A vaccine for a virus that commonly causes cervical cancer is expected to be approved by the FDA soon. As Houston Public Radio's Laurie Johnson reports, the vaccine will be targeted toward pre-adolescent girls before they become sexually active.
Genital HPV infection is a sexually transmitted disease caused by the human pappilomavirus. It's estimated by the Centers for Disease Control that at least half of sexually active people in the U.S. contract HPV at some point in their lives. Most HPV infections don't involve symptoms and clear up without treatment. But some strains of HPV are the leading cause of cervical cancer. The FDA is expected to approve an HPV vaccine as early as this week. Dr. John Schiller, with the National Cancer Institute, is one of the inventors of the vaccine. Schiller and the National Network for Immunization Information based at UTMB Galveston are hoping to get widespread acceptance of the vaccine.
"We believe that the vaccine works primarily by generating large amounts of antibodies against the surface of the virus. Then these antibodies bind to the virus and prevent it infecting. And so this vaccine is a preventative vaccine, a prophylactic vaccine."
Merck developed the vaccine, known as Gardasil, for use in girls as young as nine. Schiller says the primary target age is 10-14, although it could eventually be administered to older girls and women.
"Because genital HPV infection often occurs soon after initiating sexual activity because of how common the virus is, and because the vaccine is designed to prevent infection and not treat it, we really think that the vaccine is going to be most effective if used prior to the onset of sexual debut."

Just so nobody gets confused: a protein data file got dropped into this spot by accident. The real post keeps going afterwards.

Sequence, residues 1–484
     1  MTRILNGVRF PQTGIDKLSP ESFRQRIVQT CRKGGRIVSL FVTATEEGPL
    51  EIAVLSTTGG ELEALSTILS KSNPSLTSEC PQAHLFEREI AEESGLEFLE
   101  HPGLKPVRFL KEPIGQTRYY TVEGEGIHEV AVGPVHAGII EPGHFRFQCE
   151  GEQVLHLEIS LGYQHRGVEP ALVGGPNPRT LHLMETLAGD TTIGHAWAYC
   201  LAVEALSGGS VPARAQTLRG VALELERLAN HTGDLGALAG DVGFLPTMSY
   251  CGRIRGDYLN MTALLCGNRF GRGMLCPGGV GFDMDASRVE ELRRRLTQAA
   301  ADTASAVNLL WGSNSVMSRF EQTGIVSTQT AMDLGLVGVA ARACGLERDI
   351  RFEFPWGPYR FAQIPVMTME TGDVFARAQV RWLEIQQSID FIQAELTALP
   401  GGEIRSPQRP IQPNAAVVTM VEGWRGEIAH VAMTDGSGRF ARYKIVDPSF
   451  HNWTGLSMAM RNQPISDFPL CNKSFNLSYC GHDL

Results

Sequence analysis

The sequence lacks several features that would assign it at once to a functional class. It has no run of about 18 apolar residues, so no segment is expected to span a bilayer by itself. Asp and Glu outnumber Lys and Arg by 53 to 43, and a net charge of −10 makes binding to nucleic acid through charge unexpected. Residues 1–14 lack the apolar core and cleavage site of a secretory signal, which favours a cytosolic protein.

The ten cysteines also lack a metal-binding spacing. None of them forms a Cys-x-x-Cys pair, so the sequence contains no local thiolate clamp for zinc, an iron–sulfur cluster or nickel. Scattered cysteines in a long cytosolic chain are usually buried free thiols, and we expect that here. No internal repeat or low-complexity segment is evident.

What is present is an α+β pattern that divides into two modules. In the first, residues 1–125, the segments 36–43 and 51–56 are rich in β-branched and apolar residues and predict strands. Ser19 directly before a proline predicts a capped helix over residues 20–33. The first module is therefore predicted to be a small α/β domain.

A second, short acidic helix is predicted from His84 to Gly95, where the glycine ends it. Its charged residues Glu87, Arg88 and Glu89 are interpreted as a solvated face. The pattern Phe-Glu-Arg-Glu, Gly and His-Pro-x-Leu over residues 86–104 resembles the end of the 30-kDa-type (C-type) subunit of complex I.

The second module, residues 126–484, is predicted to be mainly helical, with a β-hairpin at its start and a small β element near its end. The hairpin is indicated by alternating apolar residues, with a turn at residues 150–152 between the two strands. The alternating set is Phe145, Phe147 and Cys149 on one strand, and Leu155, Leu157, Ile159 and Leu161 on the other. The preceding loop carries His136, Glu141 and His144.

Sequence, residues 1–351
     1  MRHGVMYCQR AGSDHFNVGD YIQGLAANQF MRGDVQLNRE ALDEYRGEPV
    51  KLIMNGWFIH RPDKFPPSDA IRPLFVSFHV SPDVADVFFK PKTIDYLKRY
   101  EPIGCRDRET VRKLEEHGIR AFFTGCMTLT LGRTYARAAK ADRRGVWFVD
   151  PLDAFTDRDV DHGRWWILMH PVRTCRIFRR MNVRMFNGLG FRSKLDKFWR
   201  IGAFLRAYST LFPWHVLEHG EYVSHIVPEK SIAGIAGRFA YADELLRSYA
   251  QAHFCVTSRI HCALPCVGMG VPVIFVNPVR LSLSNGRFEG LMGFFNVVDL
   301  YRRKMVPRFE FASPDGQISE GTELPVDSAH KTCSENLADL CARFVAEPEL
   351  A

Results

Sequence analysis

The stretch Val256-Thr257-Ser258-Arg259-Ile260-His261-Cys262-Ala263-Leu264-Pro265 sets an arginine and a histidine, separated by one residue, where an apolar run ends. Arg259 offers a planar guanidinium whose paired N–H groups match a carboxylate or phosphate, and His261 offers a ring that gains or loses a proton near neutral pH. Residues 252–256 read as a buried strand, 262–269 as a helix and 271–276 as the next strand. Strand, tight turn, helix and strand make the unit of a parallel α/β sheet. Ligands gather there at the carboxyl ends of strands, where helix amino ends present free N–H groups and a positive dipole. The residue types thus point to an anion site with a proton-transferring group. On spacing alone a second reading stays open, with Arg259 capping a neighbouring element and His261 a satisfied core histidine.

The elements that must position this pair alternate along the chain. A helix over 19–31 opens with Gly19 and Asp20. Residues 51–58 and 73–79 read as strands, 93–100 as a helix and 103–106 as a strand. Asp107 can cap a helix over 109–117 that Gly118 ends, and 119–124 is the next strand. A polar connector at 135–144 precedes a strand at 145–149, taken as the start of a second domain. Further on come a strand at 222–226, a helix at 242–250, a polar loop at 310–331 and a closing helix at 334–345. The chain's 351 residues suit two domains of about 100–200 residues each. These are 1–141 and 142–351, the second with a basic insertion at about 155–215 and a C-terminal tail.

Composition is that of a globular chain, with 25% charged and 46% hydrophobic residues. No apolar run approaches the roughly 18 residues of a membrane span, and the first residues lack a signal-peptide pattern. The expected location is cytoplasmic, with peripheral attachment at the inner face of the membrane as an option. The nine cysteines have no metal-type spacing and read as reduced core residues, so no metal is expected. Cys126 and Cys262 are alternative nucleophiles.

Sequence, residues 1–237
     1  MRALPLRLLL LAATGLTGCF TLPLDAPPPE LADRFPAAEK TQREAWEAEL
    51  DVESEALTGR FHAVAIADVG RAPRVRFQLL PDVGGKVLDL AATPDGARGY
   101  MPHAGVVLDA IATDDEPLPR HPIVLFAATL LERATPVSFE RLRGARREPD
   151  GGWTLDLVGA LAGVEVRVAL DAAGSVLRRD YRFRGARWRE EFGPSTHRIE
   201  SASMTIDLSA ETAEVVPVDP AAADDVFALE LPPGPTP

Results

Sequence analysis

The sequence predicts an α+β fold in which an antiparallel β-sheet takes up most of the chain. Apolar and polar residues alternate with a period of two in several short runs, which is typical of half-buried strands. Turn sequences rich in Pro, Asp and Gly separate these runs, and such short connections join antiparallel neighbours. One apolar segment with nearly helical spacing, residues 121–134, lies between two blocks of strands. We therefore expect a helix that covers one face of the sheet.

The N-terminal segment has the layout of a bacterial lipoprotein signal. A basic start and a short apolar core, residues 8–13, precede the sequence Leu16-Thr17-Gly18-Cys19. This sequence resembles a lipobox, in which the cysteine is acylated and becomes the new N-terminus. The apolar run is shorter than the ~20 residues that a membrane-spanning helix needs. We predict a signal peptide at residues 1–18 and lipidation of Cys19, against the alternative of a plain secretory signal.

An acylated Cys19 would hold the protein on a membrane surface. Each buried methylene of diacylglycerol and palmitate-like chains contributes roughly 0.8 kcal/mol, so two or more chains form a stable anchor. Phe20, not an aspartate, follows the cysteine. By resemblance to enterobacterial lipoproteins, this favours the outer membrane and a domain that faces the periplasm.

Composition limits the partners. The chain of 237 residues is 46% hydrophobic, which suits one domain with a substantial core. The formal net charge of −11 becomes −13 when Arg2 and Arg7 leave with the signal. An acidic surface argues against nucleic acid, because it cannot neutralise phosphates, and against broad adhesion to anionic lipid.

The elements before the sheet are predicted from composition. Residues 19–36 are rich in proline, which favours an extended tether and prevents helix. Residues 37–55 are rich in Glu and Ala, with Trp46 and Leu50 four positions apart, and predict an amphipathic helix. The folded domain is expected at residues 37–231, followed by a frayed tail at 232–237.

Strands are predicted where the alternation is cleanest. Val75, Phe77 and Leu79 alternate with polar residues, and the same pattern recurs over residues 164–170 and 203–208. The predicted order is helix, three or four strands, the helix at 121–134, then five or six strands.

The vaccine requires an initial injection with two boosters over a six month period. Research suggests it's effective for five or six years before another booster is required. Dr. Jessica Kahn is an associate professor of pediatrics at the University of Cincinnati.
"Initially when we start vaccinating girls against HPV, we may not see a dramatic reduction in the rate of abnormal pap tests. And it's going to take, of course, decades to detect an impact of HPV infection on cervical cancer because it does take years to decades to develop."
Critics of the vaccine say it may promote risky sexual behavior by providing a sense of immunity. Some groups are also concerned over the focus on young girls, saying the vaccination implies that early sexual activity is normal and acceptable. Laurie Johnson Houston Public Radio News.